No name is more associated with American business success than that of Henry Ford.
Make that global business success. Even Taiichi Ohno of Toyota, the automaker that ranks as one of the biggest in the world, is said to have studied Ford’s techniques and methods to create the Japanese automaker’s universally praised manufacturing methods.
Henry Ford hated waste. He drove himself – and his employees – to correct operational inefficiencies while also creating better products.
Is it any wonder, then, that Ford is considered the “Father of Lean Manufacturing”?
Ford Founds Lean
The history of Lean manufacturing truly begins with Ford and his ground-breaking automobile manufacturing company in the early 20th century. Students of Lean history typically begin with the Ford manufacturing plant in Highland Park, Mich., in 1913.
It was there that Ford manufactured the Model T. His focus was not on organizational structure. His focus was on making the best product possible.
To do so, he relentlessly pursued methods that eliminated waste and helped employees work more efficiently. He did not focus on making people work harder. He wanted people, and his company as a whole, to work smarter.
He had an admirable ability to see the “flow” associated with a process. In Ford’s case, that flow started with raw materials and ended with a customer driving away in a new car.
His integration of individual parts, human effort and moving conveyance marked the first time that Lean principles were put into practice. Essentially, Ford invented them.
Here are some areas where Ford established the baseline for the Lean and Six Sigma techniques to come.
Standardization – Ford’s production line did not provide for variation or deviation from the best practice. The employee who assembled the bumper for the car did so the same way, every day, once Ford determined the best way to do it.
High Wages – The bumper-assembly employee and everyone else also received good pay. Because his techniques resulted in such great profits, Ford paid his workers well, quadrupling their wages over 20 years.
Wasted Movement – Ford once wrote that farmers wasted 95% of their time on unproductive activities. He lamented that everything was done by hand and “seldom is a thought given to logical arrangement.” Ford gave many thoughts to logical arrangement. His factories were designed so that workers could accomplish their given tasks with the fewest steps and movements.
Wasted Materials – Automobile manufacturing results in unused material. Ford found uses for those products that did not go into his cars. For example:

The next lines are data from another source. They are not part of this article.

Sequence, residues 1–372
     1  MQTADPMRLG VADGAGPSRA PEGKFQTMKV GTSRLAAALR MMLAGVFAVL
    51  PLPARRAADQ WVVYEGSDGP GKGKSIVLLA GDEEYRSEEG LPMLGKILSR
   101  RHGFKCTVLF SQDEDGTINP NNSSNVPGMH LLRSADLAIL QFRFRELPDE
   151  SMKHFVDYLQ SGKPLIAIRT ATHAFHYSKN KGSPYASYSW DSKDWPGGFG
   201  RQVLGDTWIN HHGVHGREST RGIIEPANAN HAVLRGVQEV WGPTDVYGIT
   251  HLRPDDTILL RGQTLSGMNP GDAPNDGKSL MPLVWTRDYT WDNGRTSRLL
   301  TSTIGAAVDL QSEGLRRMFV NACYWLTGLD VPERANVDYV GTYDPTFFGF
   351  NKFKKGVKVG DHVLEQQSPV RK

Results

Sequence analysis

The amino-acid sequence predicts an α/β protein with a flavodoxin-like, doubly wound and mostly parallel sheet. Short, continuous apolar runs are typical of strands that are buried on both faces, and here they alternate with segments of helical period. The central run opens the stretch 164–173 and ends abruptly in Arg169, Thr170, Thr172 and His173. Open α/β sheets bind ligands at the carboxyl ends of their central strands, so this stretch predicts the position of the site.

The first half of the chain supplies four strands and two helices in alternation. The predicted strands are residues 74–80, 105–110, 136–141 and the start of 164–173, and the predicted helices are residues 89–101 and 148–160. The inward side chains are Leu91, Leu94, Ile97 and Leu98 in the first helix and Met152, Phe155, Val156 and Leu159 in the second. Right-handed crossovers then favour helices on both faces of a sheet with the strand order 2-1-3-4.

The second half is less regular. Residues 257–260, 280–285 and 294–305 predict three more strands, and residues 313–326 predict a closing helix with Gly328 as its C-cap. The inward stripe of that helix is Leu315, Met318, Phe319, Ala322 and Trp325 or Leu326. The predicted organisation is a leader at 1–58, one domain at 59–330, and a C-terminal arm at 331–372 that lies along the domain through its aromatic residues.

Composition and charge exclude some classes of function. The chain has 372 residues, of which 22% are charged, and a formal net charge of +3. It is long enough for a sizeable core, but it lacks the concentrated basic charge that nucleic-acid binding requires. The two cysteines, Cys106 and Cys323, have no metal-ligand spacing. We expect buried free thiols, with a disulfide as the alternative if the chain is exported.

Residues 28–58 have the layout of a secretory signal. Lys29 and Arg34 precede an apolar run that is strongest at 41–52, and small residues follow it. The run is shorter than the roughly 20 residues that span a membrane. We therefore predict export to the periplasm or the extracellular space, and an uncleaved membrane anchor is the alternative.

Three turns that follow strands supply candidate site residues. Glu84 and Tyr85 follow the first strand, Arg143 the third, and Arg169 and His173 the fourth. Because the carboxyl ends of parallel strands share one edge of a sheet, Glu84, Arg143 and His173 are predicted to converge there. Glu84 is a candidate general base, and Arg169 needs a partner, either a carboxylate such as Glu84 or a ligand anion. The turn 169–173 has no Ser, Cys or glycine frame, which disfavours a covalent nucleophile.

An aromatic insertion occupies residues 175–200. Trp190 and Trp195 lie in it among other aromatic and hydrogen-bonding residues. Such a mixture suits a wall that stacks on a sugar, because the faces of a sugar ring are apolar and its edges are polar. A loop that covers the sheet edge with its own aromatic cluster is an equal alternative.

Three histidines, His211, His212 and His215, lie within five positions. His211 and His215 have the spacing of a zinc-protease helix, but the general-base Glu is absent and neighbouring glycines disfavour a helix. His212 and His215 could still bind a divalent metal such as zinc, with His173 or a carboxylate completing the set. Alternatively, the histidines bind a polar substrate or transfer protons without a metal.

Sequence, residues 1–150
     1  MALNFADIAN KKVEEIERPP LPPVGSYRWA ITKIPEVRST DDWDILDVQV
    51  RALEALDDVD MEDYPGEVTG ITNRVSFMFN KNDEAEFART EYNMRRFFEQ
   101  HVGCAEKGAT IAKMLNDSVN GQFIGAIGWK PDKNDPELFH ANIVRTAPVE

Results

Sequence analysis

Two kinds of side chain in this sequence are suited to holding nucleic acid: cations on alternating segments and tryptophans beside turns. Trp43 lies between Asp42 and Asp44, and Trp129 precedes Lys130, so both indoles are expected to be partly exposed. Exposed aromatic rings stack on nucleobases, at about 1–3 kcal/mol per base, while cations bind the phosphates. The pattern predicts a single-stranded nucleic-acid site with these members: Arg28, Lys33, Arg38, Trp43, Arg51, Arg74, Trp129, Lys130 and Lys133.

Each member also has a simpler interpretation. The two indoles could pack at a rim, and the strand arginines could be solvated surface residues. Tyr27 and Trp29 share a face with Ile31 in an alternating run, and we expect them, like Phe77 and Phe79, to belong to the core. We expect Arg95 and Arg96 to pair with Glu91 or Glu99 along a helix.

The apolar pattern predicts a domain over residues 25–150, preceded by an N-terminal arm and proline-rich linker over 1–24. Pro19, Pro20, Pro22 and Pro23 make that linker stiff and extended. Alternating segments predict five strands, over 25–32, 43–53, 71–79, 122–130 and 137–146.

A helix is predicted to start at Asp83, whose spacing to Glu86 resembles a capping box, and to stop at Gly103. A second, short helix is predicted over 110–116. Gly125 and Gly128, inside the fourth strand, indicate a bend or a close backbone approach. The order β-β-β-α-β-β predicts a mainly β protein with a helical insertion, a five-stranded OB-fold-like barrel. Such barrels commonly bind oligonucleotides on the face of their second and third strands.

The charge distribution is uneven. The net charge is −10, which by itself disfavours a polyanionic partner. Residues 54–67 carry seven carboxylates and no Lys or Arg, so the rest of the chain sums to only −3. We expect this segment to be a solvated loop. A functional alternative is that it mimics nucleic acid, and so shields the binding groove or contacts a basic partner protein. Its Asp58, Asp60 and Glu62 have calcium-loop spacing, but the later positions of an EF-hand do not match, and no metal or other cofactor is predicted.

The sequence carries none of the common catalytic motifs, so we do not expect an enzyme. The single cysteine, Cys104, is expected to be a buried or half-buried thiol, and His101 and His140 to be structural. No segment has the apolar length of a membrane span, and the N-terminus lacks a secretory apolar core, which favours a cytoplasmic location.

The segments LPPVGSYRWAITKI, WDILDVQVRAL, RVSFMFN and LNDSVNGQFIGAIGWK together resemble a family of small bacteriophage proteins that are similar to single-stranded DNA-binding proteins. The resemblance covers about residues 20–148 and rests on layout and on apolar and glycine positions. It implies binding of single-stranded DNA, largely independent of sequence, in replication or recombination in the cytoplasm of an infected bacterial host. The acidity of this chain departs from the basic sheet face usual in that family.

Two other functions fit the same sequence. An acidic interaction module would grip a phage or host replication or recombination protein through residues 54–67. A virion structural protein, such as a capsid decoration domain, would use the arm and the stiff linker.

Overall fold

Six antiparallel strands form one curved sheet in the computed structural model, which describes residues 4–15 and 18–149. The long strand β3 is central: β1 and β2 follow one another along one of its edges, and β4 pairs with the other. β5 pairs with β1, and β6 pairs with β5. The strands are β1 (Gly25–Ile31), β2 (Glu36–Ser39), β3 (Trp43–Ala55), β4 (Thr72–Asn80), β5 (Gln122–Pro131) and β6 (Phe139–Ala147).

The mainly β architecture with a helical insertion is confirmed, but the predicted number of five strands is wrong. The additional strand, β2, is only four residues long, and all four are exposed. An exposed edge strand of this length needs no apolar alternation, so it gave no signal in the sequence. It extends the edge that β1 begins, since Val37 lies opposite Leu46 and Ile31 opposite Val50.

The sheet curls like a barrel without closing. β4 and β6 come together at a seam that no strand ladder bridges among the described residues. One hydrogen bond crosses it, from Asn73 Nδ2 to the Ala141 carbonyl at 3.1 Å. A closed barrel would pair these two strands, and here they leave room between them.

- Distilling wasted wood into chemicals that was used for, among other products, charcoal
- Blast furnace slag was converted into road paving material
- Cooking of coal produced sulfur that was sold for use in fertilizers
Welding – Ford welded smaller parts together into a whole, rather than having large cast parts that required machine shaving.
Just-in-Time Manufacturing – Ford knew the importance of not creating large amounts of inventory and managed his supply chain to have enough materials on-hand to manufacturing his cars based on demand.
Customer service – Among other areas that served the customer, Ford smoothed out the delivery service so that cars consistently arrived on time as scheduled to the customer.
The list goes on and on. Entire books have been written on topic. Perhaps the best is the one Ford wrote himself.
While Ford created techniques that led to Lean methodologies, the one area he did not account for was variation. His processes, while revolutionary, did not allow for the types of variations that modern businesses require.
In short, he was great at making a Model T. But when people wanted something other than a Model T, there were challenges.
However, the Toyota Production System (TPS) took Ford’s process a step further. Ohno and other company executives built upon Ford’s ideas and made changes to the manufacturing process that allowed for more variation in the workflow without creating untenable inefficiencies.
Much of it involved technical changes in how machines worked, the progression through the workflow and communication between different process teams.
But, in short, they found a way to make high quality, low cost products that met the changing desires of the customer.
Lean and the Automobile Industry
Things now have come full circle. While Ford founded many of the principles used in Lean manufacturing, they were perfected in Japan. Now, U.S. companies are learning from Six Sigma, which became a methodology pioneered in a non-automotive Japanese company, Motorola.
At Ford, 350 executives have received Six Sigma training and certification. More than 10,000 employees have been trained in the methodology. Automobile parts maker Southland C.N.C. uses Six Sigma methods in its choices of machines to meet manufacture’s specifications.
All of this has its roots with Henry Ford. Striking the best deals with suppliers. Managing inventory. Making improvements on the factory floor that lead to reduction of waste. Always keeping the final product – and the customer – in mind.
While he didn’t think of everything, Ford thought of enough to completely alter the landscape of business forever – making it much, much better.